His points are valid and raise a critical issue. If we share his view that doing pro bono is an essential element of being a lawyer, and the hallmark of the profession, why are we finding it so difficult to find enough pro bono attorneys and advocates to serve our clients, and the clients of other NGOs – the poor and vulnerable? Why are the same lawyers doing it again and again, while the vast majority show no interest or commitment to pro bono? Law society rules are putting some pressure on the latter group to do pro bono, which indicates that here in South Africa, at least for the time being, mandatory pro bono may be necessary. But isn’t the ideal that it becomes a natural and routine part of every legal practitioner’s professional life, internalised as Sandman says, into their DNA?

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When can an employer be held liable for an employee’s injuries?

When can an employer be held liable for an employee’s injuries?

By Swazi Malinga

 

When Mr A contacted our offices he was convinced that he had a claim against his employer for the injuries he sustained and, further, that he had a case of unfair labour practice against his employer. Mr A was employed by a company named B as a general cleaner and caretaker. B’s main business was to maintain and service a block of flats at an upmarket suburb in Johannesburg.

On or about July 2015 Mr C asked Mr A to clean the windows of his flat. Upon his arrival on the day, Mr C gave Mr A a stepladder to use as the flat was on the first floor. While Mr A was on the ladder, the ladder broke and Mr A fell to the ground. He was taken to the nearest hospital where it was confirmed that he had broken his spine and would be confined to a wheelchair for the rest of his life.

Mr A was very disappointed that his employer refused to compensate him in any way or to report and lodge a claim on his behalf with the Labour Department under the Compensation for Occupational Injuries and Diseases Act (COIDA).

Mr A came to consult with us believing he had a case of ‘vicarious liability’ against B. We explained to Mr A that in a workplace context ‘vicarious liability’ refers to a situation where an employer can be liable for the acts or omissions of its employees, provided it can be shown that there is an employment contract in existence; that the action took place in the course of their employment and that the employee’s actions caused harm to another. However, in this instance the flat owner, Mr C, gave instructions in his personal capacity and, most importantly, Mr A is not an employee of Mr C. It is evident that B cannot be held liable for the actions of Mr A in terms of vicarious liability.

We had to discuss and explore other possible avenues that Mr A could use in order to claim for the injuries. We looked at a claim against COIDA in that COIDA provides for compensation in the case of disablement caused by occupational injuries sustained or diseases contracted by employees in the course of their employment, or death resulting from such injuries or disease; and provides for matters connected therewith. COIDA basically enables employees covered by the Act to make claims against the fund. In this case, the employer, B, rejected Mr A’s case rightfully as Mr A was not carrying out functions or work under the instruction of B in this case. We advised Mr A that he could explore a case against the owner of the flat, Mr C, for his injuries, but even so there were other difficulties that he could face with regard to pursuing such a case.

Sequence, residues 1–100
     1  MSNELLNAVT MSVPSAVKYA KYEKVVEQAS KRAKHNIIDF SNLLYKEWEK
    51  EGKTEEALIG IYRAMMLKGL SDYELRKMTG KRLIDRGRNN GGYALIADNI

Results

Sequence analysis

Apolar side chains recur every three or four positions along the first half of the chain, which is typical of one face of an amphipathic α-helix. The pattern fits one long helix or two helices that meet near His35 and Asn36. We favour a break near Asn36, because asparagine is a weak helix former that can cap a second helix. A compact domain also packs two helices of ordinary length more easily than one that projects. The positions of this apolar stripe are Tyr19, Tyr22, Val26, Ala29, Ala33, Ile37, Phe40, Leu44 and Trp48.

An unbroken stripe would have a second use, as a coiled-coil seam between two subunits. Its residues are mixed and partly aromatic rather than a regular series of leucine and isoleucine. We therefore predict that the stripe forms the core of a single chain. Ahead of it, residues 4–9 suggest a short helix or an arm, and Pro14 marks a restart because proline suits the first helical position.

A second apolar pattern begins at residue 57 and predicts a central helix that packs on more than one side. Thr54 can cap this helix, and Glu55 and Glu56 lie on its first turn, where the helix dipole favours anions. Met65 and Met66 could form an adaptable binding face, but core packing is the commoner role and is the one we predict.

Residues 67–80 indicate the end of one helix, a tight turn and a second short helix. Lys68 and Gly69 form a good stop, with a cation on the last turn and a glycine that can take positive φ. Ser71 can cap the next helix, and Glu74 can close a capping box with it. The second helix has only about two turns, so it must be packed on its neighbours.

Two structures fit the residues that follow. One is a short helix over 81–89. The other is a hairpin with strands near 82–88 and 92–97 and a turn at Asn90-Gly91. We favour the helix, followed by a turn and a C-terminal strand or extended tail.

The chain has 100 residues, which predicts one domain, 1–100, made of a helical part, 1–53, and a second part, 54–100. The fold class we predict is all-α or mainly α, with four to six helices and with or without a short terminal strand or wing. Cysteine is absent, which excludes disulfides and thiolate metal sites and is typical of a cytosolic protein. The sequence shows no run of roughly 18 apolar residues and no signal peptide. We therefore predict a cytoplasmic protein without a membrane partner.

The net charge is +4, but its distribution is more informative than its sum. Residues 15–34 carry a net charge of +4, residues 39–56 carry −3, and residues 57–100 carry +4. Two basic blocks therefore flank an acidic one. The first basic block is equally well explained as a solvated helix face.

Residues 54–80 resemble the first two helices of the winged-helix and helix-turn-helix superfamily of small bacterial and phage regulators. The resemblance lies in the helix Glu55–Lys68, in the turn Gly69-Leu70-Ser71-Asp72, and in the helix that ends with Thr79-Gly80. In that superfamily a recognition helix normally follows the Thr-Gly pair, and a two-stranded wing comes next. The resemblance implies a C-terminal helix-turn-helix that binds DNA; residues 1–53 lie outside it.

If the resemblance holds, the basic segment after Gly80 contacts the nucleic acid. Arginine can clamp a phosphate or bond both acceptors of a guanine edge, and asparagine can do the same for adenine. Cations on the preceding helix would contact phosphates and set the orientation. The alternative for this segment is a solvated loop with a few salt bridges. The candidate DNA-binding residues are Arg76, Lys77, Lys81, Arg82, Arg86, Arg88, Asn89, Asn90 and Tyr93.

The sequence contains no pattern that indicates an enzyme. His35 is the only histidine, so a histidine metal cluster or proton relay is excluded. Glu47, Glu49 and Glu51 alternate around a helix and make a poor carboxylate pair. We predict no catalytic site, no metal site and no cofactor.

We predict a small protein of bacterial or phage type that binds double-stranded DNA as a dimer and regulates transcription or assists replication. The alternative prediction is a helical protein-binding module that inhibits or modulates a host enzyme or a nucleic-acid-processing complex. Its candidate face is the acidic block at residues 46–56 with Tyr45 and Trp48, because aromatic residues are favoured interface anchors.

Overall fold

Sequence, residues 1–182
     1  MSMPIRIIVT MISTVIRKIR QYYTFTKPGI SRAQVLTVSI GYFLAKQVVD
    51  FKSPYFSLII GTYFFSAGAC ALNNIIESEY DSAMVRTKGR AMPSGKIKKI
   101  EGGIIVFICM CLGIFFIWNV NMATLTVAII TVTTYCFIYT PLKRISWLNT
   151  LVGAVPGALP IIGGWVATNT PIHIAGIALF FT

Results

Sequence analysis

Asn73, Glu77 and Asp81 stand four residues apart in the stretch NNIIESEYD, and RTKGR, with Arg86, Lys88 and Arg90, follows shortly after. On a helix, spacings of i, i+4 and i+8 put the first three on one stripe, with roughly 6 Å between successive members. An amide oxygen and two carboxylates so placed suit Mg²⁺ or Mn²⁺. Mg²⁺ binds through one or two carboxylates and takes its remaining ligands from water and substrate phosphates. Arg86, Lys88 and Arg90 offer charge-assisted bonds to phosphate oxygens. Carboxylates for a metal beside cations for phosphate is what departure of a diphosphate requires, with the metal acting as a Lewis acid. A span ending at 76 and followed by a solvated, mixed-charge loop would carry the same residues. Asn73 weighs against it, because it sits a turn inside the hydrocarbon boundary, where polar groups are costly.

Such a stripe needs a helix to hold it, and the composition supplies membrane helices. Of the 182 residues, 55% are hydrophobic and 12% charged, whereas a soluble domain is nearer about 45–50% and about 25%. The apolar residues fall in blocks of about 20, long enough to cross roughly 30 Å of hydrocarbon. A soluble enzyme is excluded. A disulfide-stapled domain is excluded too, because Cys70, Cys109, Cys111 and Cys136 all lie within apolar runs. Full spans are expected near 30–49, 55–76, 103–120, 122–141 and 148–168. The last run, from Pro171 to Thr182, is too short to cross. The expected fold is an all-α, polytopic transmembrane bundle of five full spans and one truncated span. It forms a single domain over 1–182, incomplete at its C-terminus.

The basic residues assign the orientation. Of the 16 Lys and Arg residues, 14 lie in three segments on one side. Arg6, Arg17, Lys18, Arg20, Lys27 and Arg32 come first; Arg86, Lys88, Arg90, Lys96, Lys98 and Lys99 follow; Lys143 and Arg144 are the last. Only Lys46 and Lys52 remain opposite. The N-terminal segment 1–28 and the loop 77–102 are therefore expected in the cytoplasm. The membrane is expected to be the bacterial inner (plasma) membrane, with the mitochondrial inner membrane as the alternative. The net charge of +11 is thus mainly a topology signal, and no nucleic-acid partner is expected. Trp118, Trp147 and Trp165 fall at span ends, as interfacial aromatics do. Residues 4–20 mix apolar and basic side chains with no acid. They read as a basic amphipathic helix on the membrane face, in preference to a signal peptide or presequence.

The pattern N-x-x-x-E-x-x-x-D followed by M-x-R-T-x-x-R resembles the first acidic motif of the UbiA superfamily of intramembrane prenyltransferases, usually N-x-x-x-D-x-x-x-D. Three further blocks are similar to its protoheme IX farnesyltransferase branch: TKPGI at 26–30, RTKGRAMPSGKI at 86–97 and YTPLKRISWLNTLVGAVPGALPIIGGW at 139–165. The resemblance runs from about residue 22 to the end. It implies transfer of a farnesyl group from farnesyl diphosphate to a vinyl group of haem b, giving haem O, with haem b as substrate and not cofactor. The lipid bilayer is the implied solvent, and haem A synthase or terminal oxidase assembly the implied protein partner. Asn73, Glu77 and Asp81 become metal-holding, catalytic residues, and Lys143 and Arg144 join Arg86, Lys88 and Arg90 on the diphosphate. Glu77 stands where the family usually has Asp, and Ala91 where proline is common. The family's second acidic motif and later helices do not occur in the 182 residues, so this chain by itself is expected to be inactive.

The fact that Mr C gave Mr A his ladder to use does not automatically make him liable for Mr A’s injuries. Should Mr A want to pursue the case, the common law test of a reasonable man may be applied in this case in order to establish whether using the said ladder and or placing it in the manner that he did was dangerous and could lead to him getting injured. In this case the court may find that he had to some degree contributed to his injuries and that he should have inspected the ladder for his own safety as well. With all the above said, client was advised that he could proceed with the case against Mr C but he should be aware of the challenges he will face in proving his claim. The lack of evidence will not make things any easier for him as there is no information about the ladder, and no photographs were taken in order to be able to assess the condition of the ladder.

Although this is a very sad situation for a client who came with very high hopes that he had a good case against B, we had to tell him that legally he had no claim. Even though the injury occurred at a location where he was employed, there is no liability by the employer for his injuries in this instance.

READ THE FULL NEWSLETTER HERE

Home Affairs names and shames SA’s abandoned children

Article published on the Daily Maverick, 18 OCT 2016 01:00 (SOUTH AFRICA), by ROBYN WOLFSON VORSTER.

Child abandonment is a scourge in South Africa. As numbers soar, the battle is on to ensure that abandonment does not permanently define the lives of survivors. But those efforts are being severely hampered by the Department of Home Affairs’ decision to disclose to the public the abandonment status of some children. As a practice, it is shockingly callous, largely inaccurate and probably indefensible, so why is the department seemingly impervious to all of the concern?